A series of new NASA images may explain the unusual bright spots on dwarf planet Ceres that have been puzzling scientists.

The closest-yet images of Ceres were taken by NASA’s Dawn spacecraft on May 3 and 4 from a distance of 8,400 miles. The images show that the brightest spots in a crater within Ceres’ northern hemisphere are actually composed of many smaller spots. While the exact nature of the spots is unknown, scientists believe that they may be caused by ice.

"Dawn scientists can now conclude that the intense brightness of these spots is due to the reflection of sunlight by highly reflective material on the surface, possibly ice," said Christopher Russell, principal investigator for the Dawn mission from the University of California, Los Angeles, in a statement.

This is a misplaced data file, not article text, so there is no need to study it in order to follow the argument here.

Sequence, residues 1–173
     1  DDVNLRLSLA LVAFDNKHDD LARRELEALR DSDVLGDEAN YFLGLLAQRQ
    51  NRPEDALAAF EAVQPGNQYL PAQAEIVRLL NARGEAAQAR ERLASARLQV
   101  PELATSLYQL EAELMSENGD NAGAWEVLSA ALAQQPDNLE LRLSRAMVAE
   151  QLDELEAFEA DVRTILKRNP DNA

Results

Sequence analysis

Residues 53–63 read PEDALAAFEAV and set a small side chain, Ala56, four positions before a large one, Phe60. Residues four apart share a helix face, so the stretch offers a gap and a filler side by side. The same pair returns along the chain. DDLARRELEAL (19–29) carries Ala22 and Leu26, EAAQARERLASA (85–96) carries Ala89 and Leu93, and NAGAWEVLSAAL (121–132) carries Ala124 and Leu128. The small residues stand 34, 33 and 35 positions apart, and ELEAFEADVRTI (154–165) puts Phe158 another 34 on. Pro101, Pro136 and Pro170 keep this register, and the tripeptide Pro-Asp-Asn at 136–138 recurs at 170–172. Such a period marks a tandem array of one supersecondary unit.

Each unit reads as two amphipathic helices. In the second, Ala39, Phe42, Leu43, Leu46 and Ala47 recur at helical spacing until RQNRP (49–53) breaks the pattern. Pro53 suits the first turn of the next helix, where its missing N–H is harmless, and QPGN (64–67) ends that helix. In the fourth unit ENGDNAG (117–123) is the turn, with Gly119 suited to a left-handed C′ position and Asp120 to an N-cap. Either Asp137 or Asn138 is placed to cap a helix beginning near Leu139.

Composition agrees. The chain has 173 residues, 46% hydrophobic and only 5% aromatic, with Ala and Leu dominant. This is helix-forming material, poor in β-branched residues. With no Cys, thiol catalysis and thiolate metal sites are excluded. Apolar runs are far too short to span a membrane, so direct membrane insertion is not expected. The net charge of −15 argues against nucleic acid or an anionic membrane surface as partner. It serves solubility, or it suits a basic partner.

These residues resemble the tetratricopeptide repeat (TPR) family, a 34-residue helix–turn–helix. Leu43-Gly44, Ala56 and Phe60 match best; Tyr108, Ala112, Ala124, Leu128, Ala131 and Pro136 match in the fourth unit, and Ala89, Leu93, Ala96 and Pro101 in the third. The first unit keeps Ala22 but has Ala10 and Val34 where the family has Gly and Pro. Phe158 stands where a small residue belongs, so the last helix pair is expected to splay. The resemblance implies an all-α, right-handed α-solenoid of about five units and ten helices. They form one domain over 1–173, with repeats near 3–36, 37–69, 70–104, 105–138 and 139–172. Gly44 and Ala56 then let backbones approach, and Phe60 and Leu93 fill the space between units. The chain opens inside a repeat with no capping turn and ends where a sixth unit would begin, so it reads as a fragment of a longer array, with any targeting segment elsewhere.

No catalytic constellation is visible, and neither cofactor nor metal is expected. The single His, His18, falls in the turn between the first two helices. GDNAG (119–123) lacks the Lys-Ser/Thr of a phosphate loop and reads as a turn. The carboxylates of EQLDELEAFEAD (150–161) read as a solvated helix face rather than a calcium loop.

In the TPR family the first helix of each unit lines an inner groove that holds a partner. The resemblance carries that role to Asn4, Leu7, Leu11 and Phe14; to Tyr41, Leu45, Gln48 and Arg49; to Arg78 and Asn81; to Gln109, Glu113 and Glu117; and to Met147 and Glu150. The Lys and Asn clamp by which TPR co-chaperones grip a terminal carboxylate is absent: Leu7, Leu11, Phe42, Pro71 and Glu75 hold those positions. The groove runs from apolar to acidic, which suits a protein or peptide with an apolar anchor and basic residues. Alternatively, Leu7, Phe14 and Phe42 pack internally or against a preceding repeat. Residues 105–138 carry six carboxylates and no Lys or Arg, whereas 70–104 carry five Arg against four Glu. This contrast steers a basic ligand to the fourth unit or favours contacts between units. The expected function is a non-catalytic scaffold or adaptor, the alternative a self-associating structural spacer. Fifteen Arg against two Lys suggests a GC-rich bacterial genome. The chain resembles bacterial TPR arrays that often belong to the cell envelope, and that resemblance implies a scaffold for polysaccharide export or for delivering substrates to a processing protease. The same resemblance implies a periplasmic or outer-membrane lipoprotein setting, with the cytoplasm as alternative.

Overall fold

An animation produced by NASA shows a sequence of new Ceres images taken during Dawn’s first mapping orbit. Dawn will enter its second mapping orbit June 9, circling Ceres every three days at a distance of 2,700 miles. During the second mapping orbit, which is also known the survey orbit, the spacecraft will comprehensively map Ceres' surface, according to NASA. It will also assess whether Ceres is geologically active.

NASA’s Dawn spacecraft successfully entered Ceres' orbit March 6, making history as the first mission to achieve orbit around a dwarf planet. Scientists hope that NASA’s investigation of Ceres will boost our understanding of how the solar system formed.

It’s not just Dawn that is taking impressive space photos. Last month the Mastcam on NASA’s Curiosity Mars rover captured a stunning image of the sun setting on the red planet.